Wigan Athletic have become the second Premier League football club to be exposed for advertising a lengthy internship with no salary.
The position, advertised on the UK Sport website as a “full-time” but “unpaid internship”, is described as an “excellent opportunity to join a progressive, forward thinking club”.
The Independent revealed that another Premier League side, Reading, had advertised for a year-long, full-time internship that pays neither salary nor expenses, even though candidates are expected to analyse the first team, have their own car and work long, unsociable hours.
The Wigan post is for a performance analyst at a club whose wage bill last year was £39.9million. The revelations, which offer an insight into the way sporting bodies benefit from free labour, come as the Government is set to crack down on firms who use unpaid interns on a long term basis.
Today it emerged that the Employment Minister, Jo Swinson, had handed over the details of more than 100 companies to HM Revenue and Customs. The companies are accused of breaking the law by using interns to full-time positions that would be subject to national minimum wage rules. “The list of employers that you provided will be treated as intelligence by HMRC,” she wrote in a letter to Intern Aware, which campaigns against unpaid internships and has helped students bring successful pay claims in employment tribunals.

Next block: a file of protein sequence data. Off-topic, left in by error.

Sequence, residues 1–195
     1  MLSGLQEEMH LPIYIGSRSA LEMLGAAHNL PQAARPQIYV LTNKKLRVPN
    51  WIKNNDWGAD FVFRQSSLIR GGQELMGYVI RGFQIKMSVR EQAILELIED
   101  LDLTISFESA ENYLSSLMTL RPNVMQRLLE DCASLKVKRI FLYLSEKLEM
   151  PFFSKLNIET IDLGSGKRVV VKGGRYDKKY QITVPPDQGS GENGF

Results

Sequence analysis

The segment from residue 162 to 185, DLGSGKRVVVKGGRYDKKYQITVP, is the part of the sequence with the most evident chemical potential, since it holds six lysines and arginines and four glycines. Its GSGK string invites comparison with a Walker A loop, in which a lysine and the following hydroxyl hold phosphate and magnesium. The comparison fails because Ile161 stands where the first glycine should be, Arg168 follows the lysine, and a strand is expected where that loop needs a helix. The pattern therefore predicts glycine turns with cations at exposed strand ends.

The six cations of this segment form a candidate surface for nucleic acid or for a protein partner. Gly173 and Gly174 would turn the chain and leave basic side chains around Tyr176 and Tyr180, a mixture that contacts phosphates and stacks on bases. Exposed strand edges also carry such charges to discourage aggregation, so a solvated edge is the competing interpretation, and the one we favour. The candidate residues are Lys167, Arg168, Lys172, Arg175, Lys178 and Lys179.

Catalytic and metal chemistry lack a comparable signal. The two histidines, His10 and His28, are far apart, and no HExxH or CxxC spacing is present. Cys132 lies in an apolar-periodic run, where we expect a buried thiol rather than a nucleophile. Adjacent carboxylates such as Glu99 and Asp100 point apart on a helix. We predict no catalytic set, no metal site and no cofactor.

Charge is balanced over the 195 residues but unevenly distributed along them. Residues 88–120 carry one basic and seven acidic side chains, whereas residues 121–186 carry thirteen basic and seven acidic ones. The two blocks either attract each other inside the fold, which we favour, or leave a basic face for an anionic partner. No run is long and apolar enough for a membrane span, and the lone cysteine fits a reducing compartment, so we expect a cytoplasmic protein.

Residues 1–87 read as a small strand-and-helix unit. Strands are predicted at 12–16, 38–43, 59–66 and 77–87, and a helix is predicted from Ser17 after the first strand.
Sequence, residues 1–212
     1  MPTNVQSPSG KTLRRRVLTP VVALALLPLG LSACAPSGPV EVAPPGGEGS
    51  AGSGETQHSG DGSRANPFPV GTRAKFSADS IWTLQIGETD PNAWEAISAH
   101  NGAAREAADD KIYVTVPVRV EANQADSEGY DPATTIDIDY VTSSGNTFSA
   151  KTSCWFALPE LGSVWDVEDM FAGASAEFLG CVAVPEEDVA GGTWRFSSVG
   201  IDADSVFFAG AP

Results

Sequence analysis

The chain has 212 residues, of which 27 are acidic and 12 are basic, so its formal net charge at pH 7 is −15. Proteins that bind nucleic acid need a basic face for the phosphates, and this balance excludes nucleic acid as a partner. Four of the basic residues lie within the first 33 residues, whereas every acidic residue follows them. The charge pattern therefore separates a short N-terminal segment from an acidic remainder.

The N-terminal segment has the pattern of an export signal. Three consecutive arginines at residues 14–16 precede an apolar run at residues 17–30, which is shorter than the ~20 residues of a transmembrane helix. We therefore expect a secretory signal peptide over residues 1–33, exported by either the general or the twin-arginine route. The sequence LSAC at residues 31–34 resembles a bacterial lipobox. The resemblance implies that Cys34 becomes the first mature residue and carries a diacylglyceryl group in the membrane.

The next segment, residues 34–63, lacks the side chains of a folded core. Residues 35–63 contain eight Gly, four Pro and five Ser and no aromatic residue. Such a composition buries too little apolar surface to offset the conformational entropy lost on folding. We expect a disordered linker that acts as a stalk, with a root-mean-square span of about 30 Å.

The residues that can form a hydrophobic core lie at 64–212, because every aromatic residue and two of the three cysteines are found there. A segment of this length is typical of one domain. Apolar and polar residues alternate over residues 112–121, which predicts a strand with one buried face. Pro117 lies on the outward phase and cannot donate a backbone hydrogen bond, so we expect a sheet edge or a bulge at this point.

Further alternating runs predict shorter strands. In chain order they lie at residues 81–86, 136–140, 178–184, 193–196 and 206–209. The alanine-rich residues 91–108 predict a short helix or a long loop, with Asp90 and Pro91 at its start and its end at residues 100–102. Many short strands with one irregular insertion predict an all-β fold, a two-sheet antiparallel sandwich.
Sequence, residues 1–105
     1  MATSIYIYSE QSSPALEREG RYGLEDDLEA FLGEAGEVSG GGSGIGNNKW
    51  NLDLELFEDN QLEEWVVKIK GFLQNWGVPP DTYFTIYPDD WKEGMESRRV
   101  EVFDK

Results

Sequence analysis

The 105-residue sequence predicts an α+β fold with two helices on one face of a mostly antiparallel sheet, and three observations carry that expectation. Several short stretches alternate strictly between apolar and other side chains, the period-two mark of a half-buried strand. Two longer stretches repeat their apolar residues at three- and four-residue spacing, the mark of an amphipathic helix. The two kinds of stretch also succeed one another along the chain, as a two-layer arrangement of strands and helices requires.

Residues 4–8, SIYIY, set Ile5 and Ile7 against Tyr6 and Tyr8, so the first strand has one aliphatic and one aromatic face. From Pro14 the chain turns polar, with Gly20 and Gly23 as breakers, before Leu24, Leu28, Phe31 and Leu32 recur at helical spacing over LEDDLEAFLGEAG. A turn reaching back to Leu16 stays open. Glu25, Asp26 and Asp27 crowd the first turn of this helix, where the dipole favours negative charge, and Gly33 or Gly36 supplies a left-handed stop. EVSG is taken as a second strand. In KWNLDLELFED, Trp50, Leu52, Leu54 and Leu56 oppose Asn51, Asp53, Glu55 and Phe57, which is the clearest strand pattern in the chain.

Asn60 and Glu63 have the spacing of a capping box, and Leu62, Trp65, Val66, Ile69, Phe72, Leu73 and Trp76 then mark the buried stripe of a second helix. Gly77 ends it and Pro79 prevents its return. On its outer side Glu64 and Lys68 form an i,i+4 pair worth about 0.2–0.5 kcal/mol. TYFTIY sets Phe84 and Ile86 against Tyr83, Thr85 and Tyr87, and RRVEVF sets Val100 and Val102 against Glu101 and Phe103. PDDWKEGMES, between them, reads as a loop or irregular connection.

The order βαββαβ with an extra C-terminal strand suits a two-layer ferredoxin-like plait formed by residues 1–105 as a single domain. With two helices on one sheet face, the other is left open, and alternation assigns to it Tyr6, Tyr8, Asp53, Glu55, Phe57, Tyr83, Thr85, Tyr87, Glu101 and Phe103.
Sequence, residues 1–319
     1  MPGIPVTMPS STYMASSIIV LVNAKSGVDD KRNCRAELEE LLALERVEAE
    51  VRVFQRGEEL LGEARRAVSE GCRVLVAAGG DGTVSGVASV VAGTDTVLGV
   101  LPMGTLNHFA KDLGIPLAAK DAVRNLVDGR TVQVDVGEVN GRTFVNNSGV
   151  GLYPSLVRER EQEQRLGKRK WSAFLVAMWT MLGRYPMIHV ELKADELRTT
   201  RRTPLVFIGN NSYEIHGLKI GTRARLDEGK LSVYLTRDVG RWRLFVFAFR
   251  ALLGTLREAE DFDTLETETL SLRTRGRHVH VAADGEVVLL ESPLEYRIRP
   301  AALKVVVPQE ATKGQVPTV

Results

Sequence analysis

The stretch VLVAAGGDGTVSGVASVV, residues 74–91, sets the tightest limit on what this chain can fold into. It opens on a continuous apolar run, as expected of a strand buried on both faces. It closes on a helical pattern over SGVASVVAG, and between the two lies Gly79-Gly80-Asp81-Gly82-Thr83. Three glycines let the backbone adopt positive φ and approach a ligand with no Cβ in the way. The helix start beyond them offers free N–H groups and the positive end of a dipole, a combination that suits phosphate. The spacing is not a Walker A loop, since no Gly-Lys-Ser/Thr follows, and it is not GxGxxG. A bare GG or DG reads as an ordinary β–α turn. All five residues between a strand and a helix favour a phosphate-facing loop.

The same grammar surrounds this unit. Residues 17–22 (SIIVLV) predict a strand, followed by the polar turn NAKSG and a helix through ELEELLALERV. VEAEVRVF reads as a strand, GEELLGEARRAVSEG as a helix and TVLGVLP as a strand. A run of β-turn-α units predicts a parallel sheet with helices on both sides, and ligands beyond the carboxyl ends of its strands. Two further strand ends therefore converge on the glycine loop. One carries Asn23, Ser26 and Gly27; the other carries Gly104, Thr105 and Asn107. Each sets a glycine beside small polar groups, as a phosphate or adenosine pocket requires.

A Department of Business spokesman said: “The law on the National Minimum Wage is clear. If somebody on a work experience placement or internship is a worker under NMW legislation, then they are entitled to the minimum wage.” Wigan Athletic did not respond to telephone and email requests for comment. Reading defended their internship as “an important part of career progression and experience building for any individual starting out on the path to their dream job”.
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